I first read about this one on Diane's First Chapter, First Paragraph Tuesday and quickly got myself a copy of Jodi Picoult's latest book.
Although I admit to being curious when I read the First Chapter intro, it didn't begin to reveal how much I would love the book. I fell in quickly and was engrossed the entire time.
Wish You Were Here is a book that you want to read without knowing much about it, so it is difficult to review and not give too much information, but it is one of my favorite books of the year and was full of surprises.
It is a story of Covid and relationships, beautifully written, and revealing. Picoult did a great deal of research for the book and it shows, making the story almost more realistic than some of what we read in the news...but it is also much more than that. A remarkable book and highly recommended.
I want to say more about all of the ways Picoult turned this story on its head, but that would not be fair. I've recommended it to my daughters and friends so I will hopefully have someone to discuss it with.
You can read Diane's review when she finished it--here. Don't miss this one! 5/5
Literary Fiction. Nov. 30, 2021. Print length: 336 pages.
I finally got around to reading The Stills, the third book in the Kinship series. World-building is usually associated with science fiction or fantasy, but Jess Montgomery is so skilled at creating atmosphere and historic details that the term applies to her books set in Bronwen County, Ohio, part of the Appalachian range.
Thanksgiving Day, 1927, begins well with friends and family enjoying a dinner together. But when a young boy nearly dies from tainted moonshine, Prohibition and revenuers, moonshiners, and a plan to take over bootlegging territory emerge. The Prologue deals with what Zachariah saw as he watches over Marlena's still and move on to the Thanksgiving celebration at Sheriff Lily Ross' home.
The section about dehydrated grape brick turning into wine when Mama, Lily, and Marvena are preparing for dinner was fun.
Under the Volstead Act, whose rules regulated Prohibition, grapes could be grown, but only if they were being used for non-alcoholic consumption. Furthermore, if the winemaker sold grapes to someone, aware they were going to use them to make wine, they themselves could be jailed.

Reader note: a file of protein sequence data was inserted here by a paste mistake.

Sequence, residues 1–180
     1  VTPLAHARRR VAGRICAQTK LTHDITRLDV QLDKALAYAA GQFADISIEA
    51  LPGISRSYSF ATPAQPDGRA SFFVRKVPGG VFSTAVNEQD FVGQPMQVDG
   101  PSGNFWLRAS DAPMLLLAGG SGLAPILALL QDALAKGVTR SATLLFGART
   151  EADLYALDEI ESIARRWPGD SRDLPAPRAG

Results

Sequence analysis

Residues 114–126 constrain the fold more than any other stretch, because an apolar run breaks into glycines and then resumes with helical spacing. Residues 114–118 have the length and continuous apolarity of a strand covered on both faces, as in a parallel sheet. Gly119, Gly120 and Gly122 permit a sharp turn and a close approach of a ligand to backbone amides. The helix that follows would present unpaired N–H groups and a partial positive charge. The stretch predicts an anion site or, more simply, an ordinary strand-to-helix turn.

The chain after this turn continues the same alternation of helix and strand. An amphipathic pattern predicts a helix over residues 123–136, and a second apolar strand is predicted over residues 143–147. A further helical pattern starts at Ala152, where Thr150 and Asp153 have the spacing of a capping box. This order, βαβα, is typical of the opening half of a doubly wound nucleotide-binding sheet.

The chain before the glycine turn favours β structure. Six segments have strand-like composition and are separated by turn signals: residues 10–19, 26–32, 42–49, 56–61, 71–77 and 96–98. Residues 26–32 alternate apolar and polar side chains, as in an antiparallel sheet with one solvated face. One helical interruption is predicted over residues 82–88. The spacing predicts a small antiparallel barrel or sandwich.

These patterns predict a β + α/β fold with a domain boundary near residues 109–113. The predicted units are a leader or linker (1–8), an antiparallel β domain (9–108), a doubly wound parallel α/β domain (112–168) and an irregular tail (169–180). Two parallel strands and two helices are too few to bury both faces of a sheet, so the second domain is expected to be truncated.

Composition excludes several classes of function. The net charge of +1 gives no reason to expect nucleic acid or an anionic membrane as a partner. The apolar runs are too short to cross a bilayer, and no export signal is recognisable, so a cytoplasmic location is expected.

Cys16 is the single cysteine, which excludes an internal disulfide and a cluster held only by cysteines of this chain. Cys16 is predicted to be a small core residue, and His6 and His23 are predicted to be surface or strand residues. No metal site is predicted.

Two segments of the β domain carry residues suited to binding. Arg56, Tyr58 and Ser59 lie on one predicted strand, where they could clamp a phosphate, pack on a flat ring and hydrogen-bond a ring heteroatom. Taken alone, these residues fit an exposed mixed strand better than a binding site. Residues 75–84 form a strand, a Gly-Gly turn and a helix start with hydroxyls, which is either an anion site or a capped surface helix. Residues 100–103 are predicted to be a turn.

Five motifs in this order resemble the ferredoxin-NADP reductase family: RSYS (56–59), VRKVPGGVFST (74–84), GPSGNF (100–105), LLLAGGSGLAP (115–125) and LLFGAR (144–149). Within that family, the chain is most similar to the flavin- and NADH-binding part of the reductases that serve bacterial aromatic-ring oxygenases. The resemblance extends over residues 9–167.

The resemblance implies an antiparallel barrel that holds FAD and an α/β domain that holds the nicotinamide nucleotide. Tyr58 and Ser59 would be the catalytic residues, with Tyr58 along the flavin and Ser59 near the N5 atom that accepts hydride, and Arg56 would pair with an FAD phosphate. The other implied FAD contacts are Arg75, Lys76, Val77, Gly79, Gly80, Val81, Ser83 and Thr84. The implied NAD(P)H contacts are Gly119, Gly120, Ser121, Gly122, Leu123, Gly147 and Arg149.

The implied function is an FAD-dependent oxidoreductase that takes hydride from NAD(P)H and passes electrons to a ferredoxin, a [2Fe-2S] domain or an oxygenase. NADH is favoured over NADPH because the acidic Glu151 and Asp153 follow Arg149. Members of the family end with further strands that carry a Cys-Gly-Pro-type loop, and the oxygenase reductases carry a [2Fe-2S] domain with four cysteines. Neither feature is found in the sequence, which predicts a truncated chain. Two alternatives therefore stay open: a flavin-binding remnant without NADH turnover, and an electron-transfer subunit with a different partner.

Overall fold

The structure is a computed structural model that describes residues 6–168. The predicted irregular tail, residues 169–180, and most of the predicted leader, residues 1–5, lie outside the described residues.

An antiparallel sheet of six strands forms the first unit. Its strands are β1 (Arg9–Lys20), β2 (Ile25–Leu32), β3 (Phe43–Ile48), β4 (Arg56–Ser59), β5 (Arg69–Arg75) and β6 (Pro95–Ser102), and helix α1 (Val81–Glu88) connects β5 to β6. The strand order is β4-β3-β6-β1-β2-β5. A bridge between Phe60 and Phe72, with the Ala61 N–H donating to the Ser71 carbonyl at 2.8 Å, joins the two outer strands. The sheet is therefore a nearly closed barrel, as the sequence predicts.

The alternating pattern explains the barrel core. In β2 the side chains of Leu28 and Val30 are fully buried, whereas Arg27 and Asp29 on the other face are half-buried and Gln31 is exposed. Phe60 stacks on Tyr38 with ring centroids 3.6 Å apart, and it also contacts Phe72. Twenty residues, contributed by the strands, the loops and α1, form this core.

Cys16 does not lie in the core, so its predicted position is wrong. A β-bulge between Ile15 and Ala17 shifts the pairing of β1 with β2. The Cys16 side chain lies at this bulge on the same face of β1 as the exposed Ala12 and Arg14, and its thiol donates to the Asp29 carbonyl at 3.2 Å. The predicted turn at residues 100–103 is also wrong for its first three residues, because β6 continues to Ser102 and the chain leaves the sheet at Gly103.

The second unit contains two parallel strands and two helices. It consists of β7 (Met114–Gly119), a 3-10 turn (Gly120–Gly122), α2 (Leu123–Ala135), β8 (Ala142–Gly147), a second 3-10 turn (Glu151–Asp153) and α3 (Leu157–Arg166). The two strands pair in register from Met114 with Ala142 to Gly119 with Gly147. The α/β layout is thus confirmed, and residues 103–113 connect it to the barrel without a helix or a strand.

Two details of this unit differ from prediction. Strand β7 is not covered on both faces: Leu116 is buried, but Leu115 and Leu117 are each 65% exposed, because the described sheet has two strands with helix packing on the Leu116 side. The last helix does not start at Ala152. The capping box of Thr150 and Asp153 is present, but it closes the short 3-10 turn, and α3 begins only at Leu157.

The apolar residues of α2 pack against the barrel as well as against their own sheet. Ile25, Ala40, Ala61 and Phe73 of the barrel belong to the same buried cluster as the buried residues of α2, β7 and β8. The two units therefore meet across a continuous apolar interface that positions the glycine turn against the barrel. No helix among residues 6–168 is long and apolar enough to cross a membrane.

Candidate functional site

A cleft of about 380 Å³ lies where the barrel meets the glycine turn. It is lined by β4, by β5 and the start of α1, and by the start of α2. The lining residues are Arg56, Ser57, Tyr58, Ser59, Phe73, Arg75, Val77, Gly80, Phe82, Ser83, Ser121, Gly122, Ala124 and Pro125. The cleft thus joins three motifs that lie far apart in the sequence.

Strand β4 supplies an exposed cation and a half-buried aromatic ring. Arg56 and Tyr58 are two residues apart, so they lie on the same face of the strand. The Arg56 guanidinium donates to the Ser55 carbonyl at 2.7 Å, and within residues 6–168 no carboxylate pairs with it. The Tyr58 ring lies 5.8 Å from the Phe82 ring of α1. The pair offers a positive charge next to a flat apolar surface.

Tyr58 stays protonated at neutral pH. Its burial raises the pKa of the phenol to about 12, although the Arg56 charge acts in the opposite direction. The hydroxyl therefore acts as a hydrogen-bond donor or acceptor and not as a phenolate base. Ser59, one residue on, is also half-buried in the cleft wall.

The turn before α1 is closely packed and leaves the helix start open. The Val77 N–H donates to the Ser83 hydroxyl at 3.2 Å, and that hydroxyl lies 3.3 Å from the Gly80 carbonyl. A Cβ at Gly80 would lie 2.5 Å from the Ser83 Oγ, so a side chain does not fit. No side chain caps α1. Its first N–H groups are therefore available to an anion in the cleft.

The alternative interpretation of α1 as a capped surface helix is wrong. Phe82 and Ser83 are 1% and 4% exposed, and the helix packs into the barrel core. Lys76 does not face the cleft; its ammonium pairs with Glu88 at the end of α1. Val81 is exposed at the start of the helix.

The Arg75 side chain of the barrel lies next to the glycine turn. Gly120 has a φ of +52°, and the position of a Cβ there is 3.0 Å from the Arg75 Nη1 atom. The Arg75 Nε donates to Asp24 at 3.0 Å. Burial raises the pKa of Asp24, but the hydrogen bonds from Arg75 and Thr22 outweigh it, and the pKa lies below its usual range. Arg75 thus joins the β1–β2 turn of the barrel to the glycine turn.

One of the strengths of these novels is Montgomery's ability to create a setting in which landscape, culture, historical issues, and characters blend so authentically that the reader is immersed in the story. In addition, Montgomery has created so many strong female characters--Lily and Marvena and Fiona, such different women, but ultimately made of sterner stuff than they may have ever believed.
I fell in love with the characters in The Widows, enjoyed them even more in The Hollows, and was glad to join them in The Stills. The book alternates between Sheriff Lily Ross' pov and that of Fiona Vogel.
A couple of other interesting facts: the use of asthma cigarettes to treat asthma and the separation of sexes in many Protestant churches. Lily speaks of the end (in 1927) of separation by gender in the Presbyterian Church, and I could only find that many Protestant churches practiced this gender separation.
Historical Mystery. 2021. Print length: 362 pages.
Osler’s support for smoking was reinforced by other physicians. As Eric K Chu and Jeffrey M Drazen have suggested, smoking stramonium remained a recommended treatment option for asthma in medical textbooks published throughout the early decades of the twentieth century.64 (Source)